(Bloomberg) --

The Banks Association of Turkey is in talks with state lenders to improve their capital to help boost loans as President Recep Tayyip Erdogan presses for looser monetary policy to spur growth and create jobs, local media reported.

The Turkish banking industry is “strong and solid” in terms of capital adequacy and non-performing loans ratio, the association’s head Alpaslan Cakar was cited as saying in an interview with a local TV channel. 

He said lenders will “take responsibility in some way” to support Erdogan’s economic model, which relies on banks giving out loans that will eventually transform into investments and employment.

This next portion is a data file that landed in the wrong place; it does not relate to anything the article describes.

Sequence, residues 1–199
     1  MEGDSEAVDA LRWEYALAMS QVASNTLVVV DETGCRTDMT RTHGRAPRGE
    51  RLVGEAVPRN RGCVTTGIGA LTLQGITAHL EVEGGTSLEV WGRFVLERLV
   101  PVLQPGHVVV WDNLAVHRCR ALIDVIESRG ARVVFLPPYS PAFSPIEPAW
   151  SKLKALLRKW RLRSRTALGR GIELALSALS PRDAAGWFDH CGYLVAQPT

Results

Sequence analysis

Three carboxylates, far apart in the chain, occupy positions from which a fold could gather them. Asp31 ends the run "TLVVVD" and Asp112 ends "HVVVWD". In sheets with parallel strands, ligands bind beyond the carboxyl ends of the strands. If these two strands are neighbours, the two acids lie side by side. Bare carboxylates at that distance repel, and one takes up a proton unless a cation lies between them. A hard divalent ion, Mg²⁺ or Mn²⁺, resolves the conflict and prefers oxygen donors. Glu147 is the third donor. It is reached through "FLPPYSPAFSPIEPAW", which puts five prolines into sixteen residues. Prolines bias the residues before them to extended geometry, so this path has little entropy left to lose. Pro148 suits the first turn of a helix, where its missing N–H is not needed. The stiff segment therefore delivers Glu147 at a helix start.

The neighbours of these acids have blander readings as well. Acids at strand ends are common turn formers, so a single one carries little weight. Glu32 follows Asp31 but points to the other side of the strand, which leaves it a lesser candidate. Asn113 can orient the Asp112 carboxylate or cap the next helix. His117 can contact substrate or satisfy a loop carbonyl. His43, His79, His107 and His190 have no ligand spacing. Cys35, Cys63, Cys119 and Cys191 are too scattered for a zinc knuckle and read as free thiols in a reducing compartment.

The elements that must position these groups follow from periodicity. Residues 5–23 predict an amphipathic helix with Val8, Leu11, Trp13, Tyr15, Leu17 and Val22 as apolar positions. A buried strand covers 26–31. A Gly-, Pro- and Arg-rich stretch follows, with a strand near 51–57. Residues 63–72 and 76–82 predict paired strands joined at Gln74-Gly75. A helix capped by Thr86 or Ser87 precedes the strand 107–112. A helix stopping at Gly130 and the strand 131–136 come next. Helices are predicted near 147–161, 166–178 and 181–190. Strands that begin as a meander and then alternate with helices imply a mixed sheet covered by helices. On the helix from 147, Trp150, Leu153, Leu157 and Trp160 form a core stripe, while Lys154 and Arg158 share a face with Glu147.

Banks need to “finance the new economic model,” Cakar said. 

Total profit at Turkish banks in the January-October period rose to 66.1 billion liras ($4.8 billion) from 50 billion liras in the same period a year earlier. The average non-performing loan ratio was 3.5% in October, down from 3.97% the previous year, while the average standard capital adequacy ratio was about 17%.

 

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